Independent Contractor Rule Changes
The U.S. Department of Labor released its final rule on January 9, 2024, regarding the test for determining when a worker is an employee or an independent contractor. While the rule will likely be challenged in the courts, employers should still familiarize themselves with the new standard.
How Have the Rules for Classifying Independent Contractors Changed?
Under the Trump Administration, the test for whether a worker should be classified as an employee or independent contractor focused on two core factors: (1) the nature and degree of the worker’s control over the work; and (2) the worker’s opportunity for profit or loss.
The new rule instead uses a totality of circumstances test, which requires employers to consider six factors of equal weight to determine whether a worker is an employee or an independent contractor. The six factors are:
- The degree to which the employer controls how the work is done.
- The worker’s opportunity for profit or loss.
- The amount of skill and initiative required for the work.
- The degree of permanence of the working relationship.
- The worker’s investment in equipment or materials required for the task.
- The extent to which the service rendered is an integral part of the employer’s business.
Why Is the Rule Change Important?
Business groups see the new rule as less business-friendly because it may lead to more workers being classified as employees. Unlike independent contractors, employees are entitled to minimum wage, overtime, and other benefits. Certain industries and companies like Uber and Lyft, are more likely to be affected by the new standard because they classify many of their workers as independent contractors. These workers may argue that under the rule change, they should be classified as employees who have a right to benefits under the Fair Labor Standards Act.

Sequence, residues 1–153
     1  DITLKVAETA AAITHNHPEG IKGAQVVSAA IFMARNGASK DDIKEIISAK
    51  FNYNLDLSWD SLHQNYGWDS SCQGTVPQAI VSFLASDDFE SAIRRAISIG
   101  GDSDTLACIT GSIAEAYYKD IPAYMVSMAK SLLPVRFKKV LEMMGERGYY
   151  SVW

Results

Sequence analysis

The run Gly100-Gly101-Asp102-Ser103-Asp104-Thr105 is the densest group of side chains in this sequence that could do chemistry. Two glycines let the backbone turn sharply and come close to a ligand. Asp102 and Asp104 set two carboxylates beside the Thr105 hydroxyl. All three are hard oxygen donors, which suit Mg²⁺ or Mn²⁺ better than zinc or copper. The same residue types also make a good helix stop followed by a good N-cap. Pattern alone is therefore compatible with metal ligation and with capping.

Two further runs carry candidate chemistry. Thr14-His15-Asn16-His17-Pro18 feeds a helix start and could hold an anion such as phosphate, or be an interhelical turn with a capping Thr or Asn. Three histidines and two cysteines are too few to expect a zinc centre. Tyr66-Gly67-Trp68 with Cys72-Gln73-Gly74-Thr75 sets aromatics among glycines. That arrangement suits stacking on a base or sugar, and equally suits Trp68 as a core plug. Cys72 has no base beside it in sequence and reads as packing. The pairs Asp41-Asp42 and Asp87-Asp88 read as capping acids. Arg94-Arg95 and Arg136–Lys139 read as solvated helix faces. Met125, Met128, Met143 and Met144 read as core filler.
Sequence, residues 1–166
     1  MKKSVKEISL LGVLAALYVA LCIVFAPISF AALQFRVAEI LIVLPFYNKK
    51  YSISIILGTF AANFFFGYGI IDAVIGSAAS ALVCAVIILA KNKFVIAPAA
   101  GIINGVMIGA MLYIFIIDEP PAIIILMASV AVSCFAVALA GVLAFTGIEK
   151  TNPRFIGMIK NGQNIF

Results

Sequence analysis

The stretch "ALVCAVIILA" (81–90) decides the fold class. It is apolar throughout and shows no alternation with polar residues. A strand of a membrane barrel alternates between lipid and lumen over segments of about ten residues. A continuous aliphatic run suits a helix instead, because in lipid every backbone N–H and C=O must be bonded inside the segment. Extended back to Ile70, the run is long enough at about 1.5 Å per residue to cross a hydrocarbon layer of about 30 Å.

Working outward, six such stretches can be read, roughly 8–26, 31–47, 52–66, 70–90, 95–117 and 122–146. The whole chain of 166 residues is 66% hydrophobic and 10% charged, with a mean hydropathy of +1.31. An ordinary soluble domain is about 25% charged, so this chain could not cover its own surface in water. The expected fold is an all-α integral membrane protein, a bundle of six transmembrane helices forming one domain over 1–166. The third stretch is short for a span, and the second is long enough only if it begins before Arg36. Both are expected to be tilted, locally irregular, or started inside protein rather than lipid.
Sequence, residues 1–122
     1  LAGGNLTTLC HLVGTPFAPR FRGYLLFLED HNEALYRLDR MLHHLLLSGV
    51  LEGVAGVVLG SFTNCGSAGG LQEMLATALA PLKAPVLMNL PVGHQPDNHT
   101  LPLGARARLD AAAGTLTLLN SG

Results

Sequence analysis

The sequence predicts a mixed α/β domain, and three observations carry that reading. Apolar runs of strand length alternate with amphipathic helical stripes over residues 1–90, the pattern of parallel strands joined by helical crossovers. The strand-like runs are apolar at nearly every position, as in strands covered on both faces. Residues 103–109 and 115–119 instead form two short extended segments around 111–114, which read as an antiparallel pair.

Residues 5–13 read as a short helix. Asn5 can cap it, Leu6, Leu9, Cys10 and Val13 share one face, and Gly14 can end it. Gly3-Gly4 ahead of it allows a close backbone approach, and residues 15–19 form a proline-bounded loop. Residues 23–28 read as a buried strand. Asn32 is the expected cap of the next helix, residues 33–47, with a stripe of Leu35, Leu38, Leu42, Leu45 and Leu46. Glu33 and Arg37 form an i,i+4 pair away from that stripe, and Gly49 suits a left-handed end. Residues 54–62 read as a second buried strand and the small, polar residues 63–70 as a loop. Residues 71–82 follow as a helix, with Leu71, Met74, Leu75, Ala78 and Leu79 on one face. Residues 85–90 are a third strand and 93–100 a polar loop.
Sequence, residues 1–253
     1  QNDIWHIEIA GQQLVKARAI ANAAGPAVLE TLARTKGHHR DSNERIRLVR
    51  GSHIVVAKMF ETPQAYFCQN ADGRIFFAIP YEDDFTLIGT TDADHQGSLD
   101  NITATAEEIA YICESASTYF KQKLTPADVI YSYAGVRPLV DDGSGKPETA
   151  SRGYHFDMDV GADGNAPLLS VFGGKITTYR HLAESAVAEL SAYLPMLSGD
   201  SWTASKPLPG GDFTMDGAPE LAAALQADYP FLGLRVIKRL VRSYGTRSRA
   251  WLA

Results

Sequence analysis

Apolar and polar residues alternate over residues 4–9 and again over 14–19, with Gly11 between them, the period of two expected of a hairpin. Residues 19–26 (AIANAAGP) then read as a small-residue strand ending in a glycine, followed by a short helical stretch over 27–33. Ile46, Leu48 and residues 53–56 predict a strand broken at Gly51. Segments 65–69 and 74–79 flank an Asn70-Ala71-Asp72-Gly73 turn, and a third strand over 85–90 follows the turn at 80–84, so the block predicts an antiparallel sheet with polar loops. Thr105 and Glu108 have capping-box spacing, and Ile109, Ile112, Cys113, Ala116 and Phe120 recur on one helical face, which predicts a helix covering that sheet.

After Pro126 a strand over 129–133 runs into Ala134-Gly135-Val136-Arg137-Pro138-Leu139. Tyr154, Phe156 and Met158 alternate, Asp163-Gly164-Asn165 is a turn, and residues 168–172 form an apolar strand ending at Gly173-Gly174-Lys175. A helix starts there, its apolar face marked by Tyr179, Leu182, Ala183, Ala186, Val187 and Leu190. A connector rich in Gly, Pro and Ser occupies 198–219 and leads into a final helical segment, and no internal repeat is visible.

When Does the Rule Go Into Effect?
The final rule was published on January 9, 2024, and goes into effect on March 11, 2024.
What Steps Should Employers Take?
Businesses that use independent contractors should consult an employment attorney for advice regarding their situation.
Please feel free to contact any of our employment law attorneys if you have any questions or would like our assistance in complying with the new independent contractor rule.
NOTICE: Material provided on this website has been prepared by Kauff McGuire & Margolis LLP solely for general informational purposes, and it is not intended to and does not constitute legal advice. Material provided on the website is not privileged and does not create an attorney-client relationship with the Firm or any of its lawyers.